Last night, I witnessed the death of tungsten

LAST NIGHT, I witnessed the death of tungsten.

We love to think of filament lamps as having great colour rendering but, looked at objectively, a light source with huge amounts of red and almost no blue can hardly be described as accurate.

Filament lamps only have a CRI of 100 because the comparison/reference source is…a filament lamp. And of course, we all know the colour rendering of a filament lamp is nothing like that of daylight.

I think history is to blame for tungsten taking so long to die. We have been brought up with the tungsten filament lamp as the de facto source indoors.

Maybe if Edison or Swan had invented a small hydrogen-fusion reactor, like sunlight indoors, the unbalanced spectrum of the filament lamp would never have caught on.

The last bastion of filament lighting has been the realm of fine art. Here, it can be argued that painters produced their work under candle light or gas lamps and so the continuous spectrum of filament lamps with their emphasis on the red end of the spectrum gives the most ‘accurate; result. Obviously, this argument doesn’t apply to work painted outdoors.

But last night, the old light source finally died when a stunning new installation was unveiled at the august Royal Academy of Arts in London. The Charles 1st collection includes work by Titian, Mantegna, Holbein, Durer, Van Dyck and Rubens; the variety of colour, scenes and subjects is enormous; and the entire installation is completely illuminated with LED spotlights from iGuzzini.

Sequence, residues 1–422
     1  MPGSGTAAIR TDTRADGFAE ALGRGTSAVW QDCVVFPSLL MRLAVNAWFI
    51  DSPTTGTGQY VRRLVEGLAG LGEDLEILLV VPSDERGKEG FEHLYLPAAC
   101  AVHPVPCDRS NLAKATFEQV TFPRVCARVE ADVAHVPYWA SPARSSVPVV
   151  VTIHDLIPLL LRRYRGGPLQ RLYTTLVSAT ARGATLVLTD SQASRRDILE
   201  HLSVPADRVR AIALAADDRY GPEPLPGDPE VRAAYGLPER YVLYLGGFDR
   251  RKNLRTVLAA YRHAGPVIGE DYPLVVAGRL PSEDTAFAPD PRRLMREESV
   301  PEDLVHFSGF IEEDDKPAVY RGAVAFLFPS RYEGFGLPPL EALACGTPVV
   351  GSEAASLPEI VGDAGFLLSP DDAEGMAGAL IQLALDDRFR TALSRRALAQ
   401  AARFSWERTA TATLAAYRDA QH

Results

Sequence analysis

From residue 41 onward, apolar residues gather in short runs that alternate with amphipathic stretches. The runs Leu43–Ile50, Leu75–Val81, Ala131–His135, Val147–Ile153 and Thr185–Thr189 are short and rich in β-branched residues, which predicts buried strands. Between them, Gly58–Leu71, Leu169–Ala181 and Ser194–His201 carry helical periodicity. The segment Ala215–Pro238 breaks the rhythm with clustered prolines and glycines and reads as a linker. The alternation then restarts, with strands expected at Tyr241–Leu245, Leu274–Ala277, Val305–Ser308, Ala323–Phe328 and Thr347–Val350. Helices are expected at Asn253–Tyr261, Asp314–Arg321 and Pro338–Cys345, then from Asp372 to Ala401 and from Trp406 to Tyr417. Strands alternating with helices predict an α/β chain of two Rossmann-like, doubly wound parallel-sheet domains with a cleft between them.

The exhibition had already been visited by Prince Charles and Prime Minister Theresa May and last night was a private view by some of the UK’s top display and exhibition lighting designers.
I’m no expert in the lighting of artworks and so I simply listened to the comments of those who are.

I have never before heard such universal praise for an exhibition. I heard phrases such as ‘watershed moment for LEDs', ‘a tipping point’, ‘can’t argue for tungsten anymore’. No-one said that tungsten lamps would have done a better job.

Personally, I found the exhibition magical. The paintings simply glowed with the quality of light and the soft-edged beams against the dark grey walls.

Today when I got down to earth, back in the office, my first memory was of the glorious art. Then my tech side kicked in and said ‘Tungsten for display is well and truly dead’.

 

  • Light quality will be one of the key themes in the first Lux-organisted Lighting for Museums and Galleries conference, taking place alongside the LuxLive 2018 exhibition at ExCeL London on Wednesday 14 November and Thursday 15 November 2018. Entry is free to specifiers and gallery and museum staff. More information at www.luxlive.co.uk

 

 

Comments 1

I agree with Alan that it was a wonderfully curated exhibition, and the lighting was very good. However the only minor criticism I would make is that, from certain angles, there are specular reflections which inhibit the viewing of a few of the exhibits. (Perhaps this is inevitable with some of the high gloss materials?).

Leave your comment